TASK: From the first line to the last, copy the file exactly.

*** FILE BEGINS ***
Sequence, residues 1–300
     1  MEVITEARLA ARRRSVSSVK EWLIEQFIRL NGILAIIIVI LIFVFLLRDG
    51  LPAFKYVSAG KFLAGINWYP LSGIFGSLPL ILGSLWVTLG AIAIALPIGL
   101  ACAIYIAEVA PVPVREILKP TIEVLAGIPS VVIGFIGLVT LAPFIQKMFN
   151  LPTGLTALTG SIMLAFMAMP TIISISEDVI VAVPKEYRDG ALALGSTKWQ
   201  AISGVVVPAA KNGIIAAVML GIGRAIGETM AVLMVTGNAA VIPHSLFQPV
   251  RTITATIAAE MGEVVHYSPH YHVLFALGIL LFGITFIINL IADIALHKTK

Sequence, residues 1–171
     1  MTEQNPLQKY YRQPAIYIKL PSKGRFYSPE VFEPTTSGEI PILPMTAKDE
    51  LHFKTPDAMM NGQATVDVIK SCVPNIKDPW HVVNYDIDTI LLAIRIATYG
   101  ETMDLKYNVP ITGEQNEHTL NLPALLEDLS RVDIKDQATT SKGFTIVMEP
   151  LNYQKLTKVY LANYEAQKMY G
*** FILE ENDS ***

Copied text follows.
Sequence, residues 1–300
     1  MEVITEARLA ARRRSVSSVK EWLIEQFIRL NGILAIIIVI LIFVFLLRDG
    51  LPAFKYVSAG KFLAGINWYP LSGIFGSLPL ILGSLWVTLG AIAIALPIGL
   101  ACAIYIAEVA PVPVREILKP TIEVLAGIPS VVIGFIGLVT LAPFIQKMFN
   151  LPTGLTALTG SIMLAFMAMP TIISISEDVI VAVPKEYRDG ALALGSTKWQ
   201  AISGVVVPAA KNGIIAAVML GIGRAIGETM AVLMVTGNAA VIPHSLFQPV
   251  RTITATIAAE MGEVVHYSPH YHVLFALGIL LFGITFIINL IADIALHKTK

Sequence, residues 1–171
     1  MTEQNPLQKY YRQPAIYIKL PSKGRFYSPE VFEPTTSGEI PILPMTAKDE
    51  LHFKTPDAMM NGQATVDVIK SCVPNIKDPW HVVNYDIDTI LLAIRIATYG
   101  ETMDLKYNVP ITGEQNEHTL NLPALLEDLS RVDIKDQATT SKGFTIVMEP
   151  LNYQKLTKVY LANYEAQKMY G